Occidental Petroleum Corp. CEO Stephen Chazen says new money flowing to oil companies could prolong the industry’s downturn if it keeps financial pressure off U.S. producers who might otherwise dwindle or sell.
The number of drill rigs operating in the San Juan and Permian basins has dropped from 85 to 60 over the past year, and state energy Secretary David Martin said each rig directly employs 50 workers and another 50 to 70 in support jobs.
The oil and gas industry saw 112 workers die in 2013, the latest figures available from the U.S. Bureau of Labor Statistics. That’s up 31 percent from 2003. Meanwhile, producers and drillers doubled their workforce in the same period, to 507,000.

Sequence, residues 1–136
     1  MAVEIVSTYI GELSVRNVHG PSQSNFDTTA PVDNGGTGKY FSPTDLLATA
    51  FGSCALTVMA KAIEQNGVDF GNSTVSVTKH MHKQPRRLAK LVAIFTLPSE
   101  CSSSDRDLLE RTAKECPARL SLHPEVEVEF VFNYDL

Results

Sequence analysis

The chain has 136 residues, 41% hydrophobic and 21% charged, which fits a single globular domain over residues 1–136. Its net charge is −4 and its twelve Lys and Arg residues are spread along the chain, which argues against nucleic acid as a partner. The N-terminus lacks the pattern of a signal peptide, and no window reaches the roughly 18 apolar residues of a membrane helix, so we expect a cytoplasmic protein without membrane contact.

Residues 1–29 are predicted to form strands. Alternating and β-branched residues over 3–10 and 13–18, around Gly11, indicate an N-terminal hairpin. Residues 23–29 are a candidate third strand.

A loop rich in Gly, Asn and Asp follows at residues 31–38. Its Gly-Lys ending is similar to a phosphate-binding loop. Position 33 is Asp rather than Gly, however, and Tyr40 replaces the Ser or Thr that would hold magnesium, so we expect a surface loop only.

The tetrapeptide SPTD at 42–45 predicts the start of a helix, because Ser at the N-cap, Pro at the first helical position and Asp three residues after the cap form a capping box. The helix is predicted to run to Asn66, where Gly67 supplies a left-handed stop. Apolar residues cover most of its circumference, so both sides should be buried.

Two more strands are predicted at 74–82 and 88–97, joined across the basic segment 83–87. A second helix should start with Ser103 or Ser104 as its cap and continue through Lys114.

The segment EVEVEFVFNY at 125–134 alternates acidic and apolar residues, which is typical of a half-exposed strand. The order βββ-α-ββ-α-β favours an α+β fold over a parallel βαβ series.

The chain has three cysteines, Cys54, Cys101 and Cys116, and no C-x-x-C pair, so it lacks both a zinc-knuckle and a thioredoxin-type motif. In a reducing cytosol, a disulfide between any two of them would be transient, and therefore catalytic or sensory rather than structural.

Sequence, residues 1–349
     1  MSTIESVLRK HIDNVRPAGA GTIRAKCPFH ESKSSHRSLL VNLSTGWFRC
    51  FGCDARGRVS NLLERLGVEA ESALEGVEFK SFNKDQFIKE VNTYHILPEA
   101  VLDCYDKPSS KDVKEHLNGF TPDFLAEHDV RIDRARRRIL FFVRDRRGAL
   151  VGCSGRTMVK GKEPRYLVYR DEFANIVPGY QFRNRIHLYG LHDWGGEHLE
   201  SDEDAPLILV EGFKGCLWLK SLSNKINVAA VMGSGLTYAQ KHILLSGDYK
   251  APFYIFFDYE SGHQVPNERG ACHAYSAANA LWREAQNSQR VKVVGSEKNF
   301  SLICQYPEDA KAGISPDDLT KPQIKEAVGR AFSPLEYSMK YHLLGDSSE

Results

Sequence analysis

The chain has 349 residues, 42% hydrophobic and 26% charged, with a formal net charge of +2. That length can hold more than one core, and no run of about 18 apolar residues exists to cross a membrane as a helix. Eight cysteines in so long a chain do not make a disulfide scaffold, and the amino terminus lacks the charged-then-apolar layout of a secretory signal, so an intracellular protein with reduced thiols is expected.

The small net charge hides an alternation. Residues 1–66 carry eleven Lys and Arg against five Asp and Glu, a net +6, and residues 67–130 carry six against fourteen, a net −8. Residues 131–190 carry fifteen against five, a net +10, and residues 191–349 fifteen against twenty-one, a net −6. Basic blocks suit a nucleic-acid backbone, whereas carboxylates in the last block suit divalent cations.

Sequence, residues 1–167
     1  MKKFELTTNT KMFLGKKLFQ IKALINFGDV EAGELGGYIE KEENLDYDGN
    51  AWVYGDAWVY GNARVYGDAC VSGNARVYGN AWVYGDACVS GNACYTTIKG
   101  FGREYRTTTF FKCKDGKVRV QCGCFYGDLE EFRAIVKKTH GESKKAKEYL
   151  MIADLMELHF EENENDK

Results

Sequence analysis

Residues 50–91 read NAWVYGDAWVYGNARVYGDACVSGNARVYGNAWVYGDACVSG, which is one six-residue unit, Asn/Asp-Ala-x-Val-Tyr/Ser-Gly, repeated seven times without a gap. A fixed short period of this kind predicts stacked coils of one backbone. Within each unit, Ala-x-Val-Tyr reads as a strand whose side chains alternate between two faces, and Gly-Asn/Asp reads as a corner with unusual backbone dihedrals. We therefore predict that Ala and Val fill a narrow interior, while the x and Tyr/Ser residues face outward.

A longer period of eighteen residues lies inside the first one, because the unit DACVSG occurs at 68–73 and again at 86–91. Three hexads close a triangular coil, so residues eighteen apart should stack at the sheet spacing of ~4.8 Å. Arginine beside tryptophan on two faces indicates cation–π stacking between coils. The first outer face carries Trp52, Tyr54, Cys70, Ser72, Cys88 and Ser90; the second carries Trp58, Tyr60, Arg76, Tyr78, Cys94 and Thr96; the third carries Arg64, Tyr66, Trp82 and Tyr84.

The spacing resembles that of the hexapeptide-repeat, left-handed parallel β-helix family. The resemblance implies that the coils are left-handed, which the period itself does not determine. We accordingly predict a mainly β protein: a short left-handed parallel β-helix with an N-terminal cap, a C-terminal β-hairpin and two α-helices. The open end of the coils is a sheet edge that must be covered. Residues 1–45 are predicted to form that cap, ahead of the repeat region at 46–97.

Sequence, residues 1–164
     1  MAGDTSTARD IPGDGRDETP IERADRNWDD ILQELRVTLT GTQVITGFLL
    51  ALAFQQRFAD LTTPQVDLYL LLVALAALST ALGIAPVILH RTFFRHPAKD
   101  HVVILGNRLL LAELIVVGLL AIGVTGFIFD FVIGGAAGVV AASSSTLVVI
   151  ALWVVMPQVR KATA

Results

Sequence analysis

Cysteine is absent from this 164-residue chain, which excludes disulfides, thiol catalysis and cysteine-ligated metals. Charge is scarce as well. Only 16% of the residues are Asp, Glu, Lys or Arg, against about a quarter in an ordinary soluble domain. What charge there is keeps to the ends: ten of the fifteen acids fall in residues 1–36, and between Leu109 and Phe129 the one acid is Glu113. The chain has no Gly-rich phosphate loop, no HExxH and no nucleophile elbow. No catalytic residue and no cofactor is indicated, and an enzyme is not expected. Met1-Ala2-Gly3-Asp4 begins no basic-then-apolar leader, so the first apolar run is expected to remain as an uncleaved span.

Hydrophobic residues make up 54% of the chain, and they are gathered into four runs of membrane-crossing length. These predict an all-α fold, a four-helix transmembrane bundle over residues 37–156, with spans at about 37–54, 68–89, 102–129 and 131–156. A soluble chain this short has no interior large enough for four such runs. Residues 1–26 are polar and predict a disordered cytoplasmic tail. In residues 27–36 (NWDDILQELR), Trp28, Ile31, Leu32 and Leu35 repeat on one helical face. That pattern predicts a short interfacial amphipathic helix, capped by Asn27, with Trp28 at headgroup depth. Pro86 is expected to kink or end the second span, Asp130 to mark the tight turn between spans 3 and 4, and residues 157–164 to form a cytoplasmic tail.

Both firms have businesses running piping and casing for oil companies that are constructing wells, part of the post-drilling processes that lead firms to extract the first barrels of oil out of the ground.
The service costs associated with housing and feeding employees in remote locations like the Permian Basin in West Texas and the Bakken Shale in North Dakota typically skyrocket in boom times, Halliburton President Jeff Miller said.
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